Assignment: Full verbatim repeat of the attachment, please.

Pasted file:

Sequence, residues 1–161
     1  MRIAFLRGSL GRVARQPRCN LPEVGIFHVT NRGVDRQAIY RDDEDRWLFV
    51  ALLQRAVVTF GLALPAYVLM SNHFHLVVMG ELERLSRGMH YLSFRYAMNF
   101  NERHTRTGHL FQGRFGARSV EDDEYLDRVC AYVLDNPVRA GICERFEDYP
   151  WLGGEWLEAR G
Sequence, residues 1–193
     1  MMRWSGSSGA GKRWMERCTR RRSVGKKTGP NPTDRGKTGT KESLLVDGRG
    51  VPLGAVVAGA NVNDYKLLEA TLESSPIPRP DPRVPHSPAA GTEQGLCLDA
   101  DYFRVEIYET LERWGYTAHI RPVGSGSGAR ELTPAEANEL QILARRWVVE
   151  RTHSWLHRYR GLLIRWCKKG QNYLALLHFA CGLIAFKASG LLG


Sequence, residues 1–161
     1  MRIAFLRGSL GRVARQPRCN LPEVGIFHVT NRGVDRQAIY RDDEDRWLFV
    51  ALLQRAVVTF GLALPAYVLM SNHFHLVVMG ELERLSRGMH YLSFRYAMNF
   101  NERHTRTGHL FQGRFGARSV EDDEYLDRVC AYVLDNPVRA GICERFEDYP
   151  WLGGEWLEAR G
Sequence, residues 1–193
     1  MMRWSGSSGA GKRWMERCTR RRSVGKKTGP NPTDRGKTGT KESLLVDGRG
    51  VPLGAVVAGA NVNDYKLLEA TLESSPIPRP DPRVPHSPAA GTEQGLCLDA
   101  DYFRVEIYET LERWGYTAHI RPVGSGSGAR ELTPAEANEL QILARRWVVE
   151  RTHSWLHRYR GLLIRWCKKG QNYLALLHFA CGLIAFKASG LLG